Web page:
In the western part of the Jezreel Valley, 23 of the 26 Iron Age I sites (12th to 10th centuries BCE) yielded typical Philistine pottery. These sites include Tel Megiddo, Tel Yokneam, Tel Qiri, Afula, Tel Qashish, Be'er Tiveon, Hurvat Hazin, Tel Risim, Tel Re'ala, Hurvat Tzror, Tel Sham, Midrakh Oz and Tel Zariq. Scholars have attributed the presence of Philistine pottery in northern Israel to their role as mercenaries for the Egyptians during their military administration of the land in the 12th century BCE. This presence may also indicate further expansion of the Philistines to the valley during the 11th century BCE, or their trade with the Israelites. There are biblical references to Philistines in the valley during the times of the judges. The quantity of Philistine pottery within these sites is still quite small, which means that even if the Philistines did settle the valley they were a minority that blended within the Canaanite population during the 12th century BCE. The Philistines seem to have been present in the southern valley during the 11th century, which may relate to the biblical account of their victory at the Battle of Gilboa.
Since Edward Hincks and William Osburn Jr. in 1846, biblical scholars have connected the biblical Philistines with the Egyptian "Peleset" inscriptions; and since 1873, both have been connected with the Aegean "Pelasgians". The evidence for these connections is etymological and has been disputed.
Inscriptions written by the Philistines have not yet been found or conclusively identified.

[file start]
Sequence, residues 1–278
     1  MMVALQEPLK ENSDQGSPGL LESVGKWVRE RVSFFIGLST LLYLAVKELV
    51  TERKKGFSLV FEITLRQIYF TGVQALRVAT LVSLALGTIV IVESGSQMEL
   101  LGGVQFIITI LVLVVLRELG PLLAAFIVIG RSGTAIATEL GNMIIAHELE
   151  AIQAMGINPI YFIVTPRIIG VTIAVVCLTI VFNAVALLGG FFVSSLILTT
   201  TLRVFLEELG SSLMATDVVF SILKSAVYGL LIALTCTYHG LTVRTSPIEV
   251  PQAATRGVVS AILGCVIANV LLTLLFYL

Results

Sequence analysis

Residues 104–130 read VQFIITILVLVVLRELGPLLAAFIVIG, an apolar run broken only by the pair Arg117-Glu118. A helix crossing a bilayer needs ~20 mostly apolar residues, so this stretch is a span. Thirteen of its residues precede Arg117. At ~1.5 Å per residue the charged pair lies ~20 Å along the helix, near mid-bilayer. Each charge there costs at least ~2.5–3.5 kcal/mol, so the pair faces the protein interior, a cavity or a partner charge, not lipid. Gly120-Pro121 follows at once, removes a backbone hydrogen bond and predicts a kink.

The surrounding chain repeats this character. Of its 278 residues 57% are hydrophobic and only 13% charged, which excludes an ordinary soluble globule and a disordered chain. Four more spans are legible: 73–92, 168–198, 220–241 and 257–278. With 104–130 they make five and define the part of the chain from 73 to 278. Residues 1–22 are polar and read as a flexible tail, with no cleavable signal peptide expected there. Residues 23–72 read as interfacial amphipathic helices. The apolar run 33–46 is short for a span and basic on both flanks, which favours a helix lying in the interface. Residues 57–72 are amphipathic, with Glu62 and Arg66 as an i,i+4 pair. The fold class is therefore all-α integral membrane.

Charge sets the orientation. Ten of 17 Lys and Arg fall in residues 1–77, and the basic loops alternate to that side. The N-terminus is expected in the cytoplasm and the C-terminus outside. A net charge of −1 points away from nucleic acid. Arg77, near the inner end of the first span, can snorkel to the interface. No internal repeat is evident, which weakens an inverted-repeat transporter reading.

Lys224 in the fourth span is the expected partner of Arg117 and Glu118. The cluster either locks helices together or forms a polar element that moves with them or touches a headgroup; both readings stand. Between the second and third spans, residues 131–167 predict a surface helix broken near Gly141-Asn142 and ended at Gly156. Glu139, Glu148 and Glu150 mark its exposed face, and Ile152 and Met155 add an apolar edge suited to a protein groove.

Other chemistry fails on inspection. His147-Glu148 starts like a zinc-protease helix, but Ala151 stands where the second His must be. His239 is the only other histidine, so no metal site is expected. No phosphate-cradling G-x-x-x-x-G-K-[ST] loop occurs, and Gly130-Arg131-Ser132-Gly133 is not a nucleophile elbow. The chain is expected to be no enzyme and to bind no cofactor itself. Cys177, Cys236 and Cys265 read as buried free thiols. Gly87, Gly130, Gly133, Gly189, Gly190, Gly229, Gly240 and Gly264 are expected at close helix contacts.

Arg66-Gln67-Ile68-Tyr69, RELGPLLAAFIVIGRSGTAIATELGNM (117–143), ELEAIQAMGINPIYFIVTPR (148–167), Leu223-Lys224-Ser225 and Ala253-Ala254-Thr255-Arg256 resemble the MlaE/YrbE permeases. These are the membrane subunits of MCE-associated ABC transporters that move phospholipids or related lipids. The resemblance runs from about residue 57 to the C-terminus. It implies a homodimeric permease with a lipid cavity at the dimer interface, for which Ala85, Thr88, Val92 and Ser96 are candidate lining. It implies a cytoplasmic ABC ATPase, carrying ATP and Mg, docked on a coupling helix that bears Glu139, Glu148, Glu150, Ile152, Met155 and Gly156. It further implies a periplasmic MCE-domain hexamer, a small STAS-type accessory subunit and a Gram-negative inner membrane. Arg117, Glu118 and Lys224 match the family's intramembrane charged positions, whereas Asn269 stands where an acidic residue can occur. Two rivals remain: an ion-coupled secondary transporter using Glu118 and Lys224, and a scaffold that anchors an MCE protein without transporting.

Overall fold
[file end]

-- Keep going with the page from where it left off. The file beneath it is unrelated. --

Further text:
Based on the Peleset inscriptions, it has been suggested that the Casluhite Philistines formed part of the conjectured "Sea Peoples" who repeatedly attacked Egypt during the later Nineteenth Dynasty. Though they were eventually repulsed by Ramesses III, he finally resettled them, according to the theory, to rebuild the coastal towns in Canaan. Papyrus Harris I details the achievements of the reign of Ramesses III. In the brief description of the outcome of the battles in Year 8 is the description of the fate of some of the conjectured Sea Peoples. Ramesses claims that, having brought the prisoners to Egypt, he "settled them in strongholds, bound in my name. Numerous were their classes, hundreds of thousands strong. I taxed them all, in clothing and grain from the storehouses and granaries each year." Some scholars suggest it is likely that these "strongholds" were fortified towns in southern Canaan, which would eventually become the five cities (the Pentapolis) of the Philistines.Israel Finkelstein has suggested that there may be a period of 25-50 years after the sacking of these cities and their reoccupation by the Philistines. It is quite possible that for the initial period of time, the Philistines were housed in Egypt; only subsequently late in the troubled end of the reign of Ramesses III would they have been allowed to settle Philistia.